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Date of Award
Molecular Biology and Genetics
B cells are a unique subset of immune cells that, in response to antigen, diversify their antibody repertoire to generate progressively higher affinity antibodies of different isotypes through the processes of affinity maturation/somatic hypermutation (SHM) and class switch recombination (CSR). One of the major sites in which this diversification occurs is in T cell dependent microanatomical structures known as germinal centers (GC). Here, we find that GC B cells express the protein, autoimmune regulator (Aire) in a CD40 dependent manner. In these cells, Aire interacts with activation induced cytidine deaminase (AID), the protein responsible for initiating the processes of diversification through the deamination of the immunoglobulin locus and prevents AID function by inhibiting its targeting to the DNA substrate. Mice that receive Aire deficient B cells are unable to clear the fungal pathogen Candida albicans as effectively as mice with wild type B cell Aire and produce increased levels of autoreactive antibodies against Th17 cytokines. These results describe a novel mechanism for the regulation of antibody diversification and potentially provide a new approach to generating high affinity antibodies for both therapeutic and commercial applications.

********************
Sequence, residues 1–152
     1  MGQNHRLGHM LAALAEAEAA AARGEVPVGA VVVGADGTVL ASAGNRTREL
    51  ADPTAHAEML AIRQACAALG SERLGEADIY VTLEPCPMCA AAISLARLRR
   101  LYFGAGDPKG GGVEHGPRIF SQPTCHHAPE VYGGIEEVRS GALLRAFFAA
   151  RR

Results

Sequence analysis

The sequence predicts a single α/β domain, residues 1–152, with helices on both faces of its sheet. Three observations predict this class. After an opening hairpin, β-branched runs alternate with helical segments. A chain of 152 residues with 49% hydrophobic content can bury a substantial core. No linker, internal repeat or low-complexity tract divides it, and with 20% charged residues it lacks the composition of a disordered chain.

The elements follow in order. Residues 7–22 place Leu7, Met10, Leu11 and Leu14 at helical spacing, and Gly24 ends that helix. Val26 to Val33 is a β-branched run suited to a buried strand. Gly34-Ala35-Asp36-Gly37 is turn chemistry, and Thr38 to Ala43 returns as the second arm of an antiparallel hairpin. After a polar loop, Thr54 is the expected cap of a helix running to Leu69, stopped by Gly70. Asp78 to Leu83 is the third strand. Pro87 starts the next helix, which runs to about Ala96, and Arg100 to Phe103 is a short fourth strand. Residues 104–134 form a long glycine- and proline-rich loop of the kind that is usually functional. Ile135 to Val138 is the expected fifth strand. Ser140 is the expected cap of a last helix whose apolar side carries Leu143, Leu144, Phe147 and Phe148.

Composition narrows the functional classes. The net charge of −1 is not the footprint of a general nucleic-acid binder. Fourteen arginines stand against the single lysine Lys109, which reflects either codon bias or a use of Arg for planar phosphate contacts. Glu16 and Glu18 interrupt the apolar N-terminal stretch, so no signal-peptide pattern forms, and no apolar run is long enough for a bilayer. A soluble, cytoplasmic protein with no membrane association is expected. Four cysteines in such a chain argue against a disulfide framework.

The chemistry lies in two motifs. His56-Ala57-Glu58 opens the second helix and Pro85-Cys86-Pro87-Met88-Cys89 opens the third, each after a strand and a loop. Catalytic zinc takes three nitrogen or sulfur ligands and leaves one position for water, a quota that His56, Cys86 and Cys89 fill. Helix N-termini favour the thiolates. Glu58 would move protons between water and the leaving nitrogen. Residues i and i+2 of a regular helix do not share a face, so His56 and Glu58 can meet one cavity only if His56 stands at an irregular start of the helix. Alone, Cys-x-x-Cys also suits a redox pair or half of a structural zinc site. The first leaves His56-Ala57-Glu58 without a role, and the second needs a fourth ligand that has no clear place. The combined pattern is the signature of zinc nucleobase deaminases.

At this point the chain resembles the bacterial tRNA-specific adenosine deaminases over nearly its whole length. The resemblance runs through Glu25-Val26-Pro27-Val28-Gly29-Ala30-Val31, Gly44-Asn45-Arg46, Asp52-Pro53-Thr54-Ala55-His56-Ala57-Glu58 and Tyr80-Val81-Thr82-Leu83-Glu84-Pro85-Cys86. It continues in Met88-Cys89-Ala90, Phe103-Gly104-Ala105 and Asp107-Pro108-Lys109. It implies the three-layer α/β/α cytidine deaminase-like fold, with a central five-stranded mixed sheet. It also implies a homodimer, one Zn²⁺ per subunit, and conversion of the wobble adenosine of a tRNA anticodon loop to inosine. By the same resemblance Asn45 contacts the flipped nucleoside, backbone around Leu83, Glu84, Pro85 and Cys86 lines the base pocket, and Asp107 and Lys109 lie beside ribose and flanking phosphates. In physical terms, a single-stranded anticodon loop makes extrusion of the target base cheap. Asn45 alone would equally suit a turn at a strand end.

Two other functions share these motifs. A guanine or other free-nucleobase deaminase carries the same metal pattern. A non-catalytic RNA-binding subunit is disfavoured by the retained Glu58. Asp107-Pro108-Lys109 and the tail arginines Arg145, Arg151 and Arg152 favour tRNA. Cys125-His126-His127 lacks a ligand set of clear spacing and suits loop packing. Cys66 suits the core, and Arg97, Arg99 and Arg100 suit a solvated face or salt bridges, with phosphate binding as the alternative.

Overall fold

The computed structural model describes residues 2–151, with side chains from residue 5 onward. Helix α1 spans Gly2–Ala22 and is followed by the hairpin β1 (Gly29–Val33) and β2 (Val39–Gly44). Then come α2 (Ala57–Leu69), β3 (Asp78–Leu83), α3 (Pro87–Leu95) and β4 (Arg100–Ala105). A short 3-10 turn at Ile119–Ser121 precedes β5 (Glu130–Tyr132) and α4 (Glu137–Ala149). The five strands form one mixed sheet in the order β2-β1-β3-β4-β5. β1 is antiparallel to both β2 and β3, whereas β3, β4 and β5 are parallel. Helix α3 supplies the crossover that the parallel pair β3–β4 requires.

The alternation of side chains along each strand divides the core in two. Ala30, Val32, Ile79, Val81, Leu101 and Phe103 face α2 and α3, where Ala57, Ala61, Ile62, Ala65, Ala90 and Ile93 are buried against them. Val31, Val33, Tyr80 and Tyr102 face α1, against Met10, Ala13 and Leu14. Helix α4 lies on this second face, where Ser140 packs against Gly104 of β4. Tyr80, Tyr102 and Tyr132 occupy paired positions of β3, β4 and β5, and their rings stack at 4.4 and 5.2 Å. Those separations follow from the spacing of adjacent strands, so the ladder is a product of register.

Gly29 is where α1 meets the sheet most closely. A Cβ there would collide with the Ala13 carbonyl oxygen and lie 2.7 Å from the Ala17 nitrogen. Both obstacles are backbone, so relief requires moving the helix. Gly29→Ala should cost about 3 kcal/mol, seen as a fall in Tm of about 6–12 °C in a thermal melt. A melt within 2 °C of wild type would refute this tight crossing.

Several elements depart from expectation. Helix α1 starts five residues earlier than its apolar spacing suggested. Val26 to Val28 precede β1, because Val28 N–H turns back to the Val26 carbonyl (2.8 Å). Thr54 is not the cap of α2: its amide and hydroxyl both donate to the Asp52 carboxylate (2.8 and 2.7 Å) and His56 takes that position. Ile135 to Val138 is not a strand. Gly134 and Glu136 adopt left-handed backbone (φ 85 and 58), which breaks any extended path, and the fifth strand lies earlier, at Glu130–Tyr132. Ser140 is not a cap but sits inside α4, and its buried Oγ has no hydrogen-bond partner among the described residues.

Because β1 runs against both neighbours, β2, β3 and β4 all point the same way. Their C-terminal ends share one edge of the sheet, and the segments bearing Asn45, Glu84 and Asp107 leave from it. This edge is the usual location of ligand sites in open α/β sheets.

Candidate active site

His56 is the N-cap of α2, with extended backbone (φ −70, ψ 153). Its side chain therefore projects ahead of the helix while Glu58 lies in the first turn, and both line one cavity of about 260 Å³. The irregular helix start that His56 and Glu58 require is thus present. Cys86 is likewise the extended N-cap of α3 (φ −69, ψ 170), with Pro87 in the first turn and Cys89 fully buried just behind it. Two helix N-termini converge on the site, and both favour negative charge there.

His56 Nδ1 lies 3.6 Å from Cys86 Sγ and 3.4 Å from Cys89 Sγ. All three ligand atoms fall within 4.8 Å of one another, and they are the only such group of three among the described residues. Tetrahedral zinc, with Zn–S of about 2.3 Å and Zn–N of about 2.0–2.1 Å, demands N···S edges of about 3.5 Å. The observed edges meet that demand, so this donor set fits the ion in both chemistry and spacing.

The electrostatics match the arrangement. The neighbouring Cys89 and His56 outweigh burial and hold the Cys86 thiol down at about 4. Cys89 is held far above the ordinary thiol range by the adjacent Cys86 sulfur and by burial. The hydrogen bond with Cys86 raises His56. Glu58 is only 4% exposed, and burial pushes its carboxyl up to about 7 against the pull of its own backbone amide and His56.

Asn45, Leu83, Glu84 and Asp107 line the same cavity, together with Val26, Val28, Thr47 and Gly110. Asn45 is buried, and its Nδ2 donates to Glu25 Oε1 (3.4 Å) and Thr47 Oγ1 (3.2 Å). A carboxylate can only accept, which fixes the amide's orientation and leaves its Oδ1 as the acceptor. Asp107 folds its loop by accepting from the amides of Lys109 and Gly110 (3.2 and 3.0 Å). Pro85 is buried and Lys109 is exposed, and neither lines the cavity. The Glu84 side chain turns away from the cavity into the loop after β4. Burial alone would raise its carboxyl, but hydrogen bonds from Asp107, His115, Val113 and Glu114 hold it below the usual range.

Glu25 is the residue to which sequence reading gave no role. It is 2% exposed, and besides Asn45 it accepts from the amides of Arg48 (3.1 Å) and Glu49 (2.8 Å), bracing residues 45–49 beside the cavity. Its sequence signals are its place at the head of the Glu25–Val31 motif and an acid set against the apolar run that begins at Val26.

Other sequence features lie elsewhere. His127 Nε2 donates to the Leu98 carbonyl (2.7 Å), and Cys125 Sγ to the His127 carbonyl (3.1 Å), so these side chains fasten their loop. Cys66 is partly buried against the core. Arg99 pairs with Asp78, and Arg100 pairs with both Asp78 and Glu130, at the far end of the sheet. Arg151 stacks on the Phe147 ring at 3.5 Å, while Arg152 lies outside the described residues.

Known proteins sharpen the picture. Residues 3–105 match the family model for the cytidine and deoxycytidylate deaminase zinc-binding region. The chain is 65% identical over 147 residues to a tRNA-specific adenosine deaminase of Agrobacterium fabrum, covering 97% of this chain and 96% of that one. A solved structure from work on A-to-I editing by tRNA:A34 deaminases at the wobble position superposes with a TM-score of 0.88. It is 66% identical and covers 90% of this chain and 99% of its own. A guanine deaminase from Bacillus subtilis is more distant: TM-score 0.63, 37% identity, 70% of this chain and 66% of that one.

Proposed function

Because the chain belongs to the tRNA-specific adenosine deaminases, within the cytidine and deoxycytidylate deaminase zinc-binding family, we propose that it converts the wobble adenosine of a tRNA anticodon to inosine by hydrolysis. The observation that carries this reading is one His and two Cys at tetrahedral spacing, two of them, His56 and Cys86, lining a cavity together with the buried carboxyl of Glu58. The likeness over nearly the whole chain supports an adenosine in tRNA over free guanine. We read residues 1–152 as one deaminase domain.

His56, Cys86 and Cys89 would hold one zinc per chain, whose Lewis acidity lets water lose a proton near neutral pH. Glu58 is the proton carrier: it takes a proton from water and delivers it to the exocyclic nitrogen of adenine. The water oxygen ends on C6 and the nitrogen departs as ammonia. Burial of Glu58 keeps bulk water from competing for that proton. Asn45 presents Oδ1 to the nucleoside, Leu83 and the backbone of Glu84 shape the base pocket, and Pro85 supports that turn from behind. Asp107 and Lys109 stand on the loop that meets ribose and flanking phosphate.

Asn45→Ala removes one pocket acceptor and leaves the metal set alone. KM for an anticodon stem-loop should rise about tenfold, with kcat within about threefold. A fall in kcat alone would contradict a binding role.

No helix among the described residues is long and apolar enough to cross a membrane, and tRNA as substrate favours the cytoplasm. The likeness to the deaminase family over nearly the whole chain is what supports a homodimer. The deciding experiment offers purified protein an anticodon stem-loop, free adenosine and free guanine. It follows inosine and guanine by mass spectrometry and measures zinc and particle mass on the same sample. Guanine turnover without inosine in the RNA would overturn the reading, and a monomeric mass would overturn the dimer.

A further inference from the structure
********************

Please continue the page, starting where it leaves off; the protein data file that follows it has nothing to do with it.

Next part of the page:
Zhou, Jordan Zheng, "Germinal Center B Cell Expression Of Aire Regulates Antibody Diversification And Autoimmunity" (2020). Wayne State University Dissertations. 2517.